Macclesfield: Immigration, the NHS and Brexit trade-offs

The National Conversation on Immigration has just returned from Macclesfield, a comfortably-off Cheshire market town of 50,000 people. Here we found that migration was not a hugely salient issue. In our citizens’ panel discussion everyone saw positives as well as challenges:

“Migration is crucial to business. In pubs and hotels we rely on people from eastern Europe. The flip side is there are pressures on the NHS, but the majority of doctors are also not British.”

The citizens’ panel had one dominant concern about immigration – pressure on the NHS, particularly on A&E. As our interim report sets out, this issue has been voiced in different parts of the country, but predominantly in London and the South East where the rate of recent population increase has been highest. Macclesfield has not, however, seen a significant population increase, compared to the average for the UK, nor as much international migration.

But the NHS ‘winter crisis’ is in the news, with stories of cancelled operations, long waits in A&E and beds in corridors featuring in newspapers and broadcasts almost every day. Some of the Macclesfield citizens’ panel told us of their own recent experiences of using the NHS and linked this to recent population increase. They were, however, clear that they did not blame new migrants for this situation and felt that more of the taxes that migrants pay should be invested in public services.

We found another interesting local difference in the Macclesfield, in the discussion about the Brexit negotiations. Everywhere we go we ask each citizens’ panel if they would be willing to accept fewer restrictions on EU migration if it meant that British businesses – large and small – could get a better deal and better access to the single market. Most citizens’ panels reject such a trade-off. We are often told that British business will be able to trade with other parts of the world if faced with tariffs and barriers from the EU.  Even those who are willing to accept fewer restrictions on migration as a price for a better deal for business often qualify their opinion, saying that the economic benefits would have to be big. In a recent London citizens’ panel, for instance, one participant was willing to accept the trade-off “as long as we’d get a big economic benefit, like 10% of GDP”. UK GDP was calculated at US$2,619,000,000,000 in 2016, and most of us find it hard to get our heads round such a large figure.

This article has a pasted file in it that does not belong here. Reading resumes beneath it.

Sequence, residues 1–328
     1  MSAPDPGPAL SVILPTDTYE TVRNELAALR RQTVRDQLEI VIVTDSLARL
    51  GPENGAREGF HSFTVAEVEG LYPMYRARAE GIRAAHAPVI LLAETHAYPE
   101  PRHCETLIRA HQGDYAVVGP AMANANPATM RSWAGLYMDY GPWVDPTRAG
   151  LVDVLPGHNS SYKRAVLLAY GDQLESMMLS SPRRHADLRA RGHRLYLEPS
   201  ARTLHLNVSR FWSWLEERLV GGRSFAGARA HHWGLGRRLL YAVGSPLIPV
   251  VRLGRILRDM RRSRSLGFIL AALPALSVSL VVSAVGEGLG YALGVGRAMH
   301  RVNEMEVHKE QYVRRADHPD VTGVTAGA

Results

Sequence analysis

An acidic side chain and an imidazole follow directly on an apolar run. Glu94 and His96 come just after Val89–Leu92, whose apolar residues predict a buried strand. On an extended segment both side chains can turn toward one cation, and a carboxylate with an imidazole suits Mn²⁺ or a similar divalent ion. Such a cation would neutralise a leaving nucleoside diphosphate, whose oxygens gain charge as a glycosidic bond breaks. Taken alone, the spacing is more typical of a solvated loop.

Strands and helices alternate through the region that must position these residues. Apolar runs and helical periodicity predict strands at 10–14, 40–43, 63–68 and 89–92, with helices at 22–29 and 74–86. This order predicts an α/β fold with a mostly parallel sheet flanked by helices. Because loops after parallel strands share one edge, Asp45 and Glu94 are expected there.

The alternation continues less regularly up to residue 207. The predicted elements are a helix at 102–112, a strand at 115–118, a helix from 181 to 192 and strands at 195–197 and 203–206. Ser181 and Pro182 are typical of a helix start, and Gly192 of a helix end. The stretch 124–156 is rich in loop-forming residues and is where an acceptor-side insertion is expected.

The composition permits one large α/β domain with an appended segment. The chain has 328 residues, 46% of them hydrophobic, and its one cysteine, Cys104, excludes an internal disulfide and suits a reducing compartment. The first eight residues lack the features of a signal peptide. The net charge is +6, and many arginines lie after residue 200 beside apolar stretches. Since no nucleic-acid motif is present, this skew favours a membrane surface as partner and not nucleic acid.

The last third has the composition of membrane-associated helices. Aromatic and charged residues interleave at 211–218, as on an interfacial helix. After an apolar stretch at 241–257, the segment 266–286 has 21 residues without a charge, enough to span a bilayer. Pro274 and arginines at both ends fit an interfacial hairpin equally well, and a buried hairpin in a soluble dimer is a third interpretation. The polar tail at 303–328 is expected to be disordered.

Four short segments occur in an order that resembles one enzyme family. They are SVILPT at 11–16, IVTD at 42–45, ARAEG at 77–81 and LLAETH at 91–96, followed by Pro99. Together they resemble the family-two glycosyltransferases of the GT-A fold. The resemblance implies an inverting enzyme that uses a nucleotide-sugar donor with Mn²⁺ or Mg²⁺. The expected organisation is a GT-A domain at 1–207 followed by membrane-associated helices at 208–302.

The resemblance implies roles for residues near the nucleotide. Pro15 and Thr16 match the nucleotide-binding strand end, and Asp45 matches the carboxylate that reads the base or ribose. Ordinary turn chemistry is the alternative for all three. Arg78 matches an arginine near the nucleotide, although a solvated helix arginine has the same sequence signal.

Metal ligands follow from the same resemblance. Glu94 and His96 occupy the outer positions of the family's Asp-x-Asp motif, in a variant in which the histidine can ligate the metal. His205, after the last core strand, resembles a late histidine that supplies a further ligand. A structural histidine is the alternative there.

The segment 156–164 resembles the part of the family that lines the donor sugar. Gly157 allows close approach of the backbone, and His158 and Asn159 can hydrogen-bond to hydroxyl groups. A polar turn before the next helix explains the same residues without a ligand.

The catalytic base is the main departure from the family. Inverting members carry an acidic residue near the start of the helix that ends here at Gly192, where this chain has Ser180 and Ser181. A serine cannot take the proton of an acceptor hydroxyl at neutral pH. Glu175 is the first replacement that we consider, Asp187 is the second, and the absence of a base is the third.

In Macclesfield, the citizens’ panel took a different view. Unanimously, they felt that the UK government should be willing to make such a trade-off in the negotiations, with this opinion voiced by Leave and Remain voters alike. Participants believed this was essential for their big local employer – the pharmaceutical giant, AstraZeneca – as well as for the area’s growing bioscience sector.

Why did the Macclesfield panel have a different view? As we have said, there has not been rapid migration to the area – just 6% of the population of Cheshire East is born abroad – and migration is not a particularly salient local issue. But they also believed that local jobs depended on access to the single market.  AstraZeneca manufactures pharmaceuticals in Macclesfield and employs nearly 4,500 people. This company’s former research and development site at nearby Alderley Park is now home to many bioscience start-ups. Most of these jobs pay well, with pharmaceuticals and bioscience making a big contribution to the local economy.

Both big and small local businesses in Macclesfield want the best they can get in the Brexit negotiations. The citizens’ panel understood and supported this. They saw the migration-market access trade-off in concrete terms that related to local employers and the wellbeing of their local area.

In all the National Conversation discussions so far we have found that detailed and abstract economic arguments about the fiscal and macro-economic contribution of migration do not resonate with members of the public. When talking about the impact of Brexit, most people cannot conceptualise GDP projections of billions and trillions. Rather our citizens’ panels have seen migration and Brexit through a ‘common sense’ fiscal and economic lens and through concrete and everyday examples. Local economic and business voices also hold more sway than London-based groups such as the CBI when making arguments about Brexit. This is something that business groups need to understand as the Brexit negotiations continue.

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